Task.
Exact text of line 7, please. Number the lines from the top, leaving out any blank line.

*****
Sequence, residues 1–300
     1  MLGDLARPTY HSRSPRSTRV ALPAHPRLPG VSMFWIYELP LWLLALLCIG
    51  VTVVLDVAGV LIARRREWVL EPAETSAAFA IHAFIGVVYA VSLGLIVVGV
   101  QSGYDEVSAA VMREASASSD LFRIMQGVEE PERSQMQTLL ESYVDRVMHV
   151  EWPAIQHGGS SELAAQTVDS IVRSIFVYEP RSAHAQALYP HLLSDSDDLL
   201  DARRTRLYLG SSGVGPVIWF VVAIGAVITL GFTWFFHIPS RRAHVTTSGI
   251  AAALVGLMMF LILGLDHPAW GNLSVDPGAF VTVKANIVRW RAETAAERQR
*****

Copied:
   251  AAALVGLMMF LILGLDHPAW GNLSVDPGAF VTVKANIVRW RAETAAERQR